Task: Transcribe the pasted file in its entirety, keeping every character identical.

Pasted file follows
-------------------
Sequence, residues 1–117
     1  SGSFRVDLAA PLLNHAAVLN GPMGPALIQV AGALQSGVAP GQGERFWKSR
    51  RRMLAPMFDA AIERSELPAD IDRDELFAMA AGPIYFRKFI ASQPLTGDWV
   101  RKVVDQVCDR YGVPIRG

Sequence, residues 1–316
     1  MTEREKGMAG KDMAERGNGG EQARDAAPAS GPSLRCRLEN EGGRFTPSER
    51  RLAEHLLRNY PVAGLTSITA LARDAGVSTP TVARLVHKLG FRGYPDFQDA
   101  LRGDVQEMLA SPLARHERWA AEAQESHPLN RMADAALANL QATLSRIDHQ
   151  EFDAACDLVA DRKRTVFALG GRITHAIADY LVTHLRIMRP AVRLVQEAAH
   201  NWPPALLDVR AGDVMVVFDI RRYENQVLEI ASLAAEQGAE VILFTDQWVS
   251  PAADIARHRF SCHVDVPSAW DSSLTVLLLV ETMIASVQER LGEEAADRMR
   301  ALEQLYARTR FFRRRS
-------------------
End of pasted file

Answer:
Sequence, residues 1–117
     1  SGSFRVDLAA PLLNHAAVLN GPMGPALIQV AGALQSGVAP GQGERFWKSR
    51  RRMLAPMFDA AIERSELPAD IDRDELFAMA AGPIYFRKFI ASQPLTGDWV
   101  RKVVDQVCDR YGVPIRG

Sequence, residues 1–316
     1  MTEREKGMAG KDMAERGNGG EQARDAAPAS GPSLRCRLEN EGGRFTPSER
    51  RLAEHLLRNY PVAGLTSITA LARDAGVSTP TVARLVHKLG FRGYPDFQDA
   101  LRGDVQEMLA SPLARHERWA AEAQESHPLN RMADAALANL QATLSRIDHQ
   151  EFDAACDLVA DRKRTVFALG GRITHAIADY LVTHLRIMRP AVRLVQEAAH
   201  NWPPALLDVR AGDVMVVFDI RRYENQVLEI ASLAAEQGAE VILFTDQWVS
   251  PAADIARHRF SCHVDVPSAW DSSLTVLLLV ETMIASVQER LGEEAADRMR
   301  ALEQLYARTR FFRRRS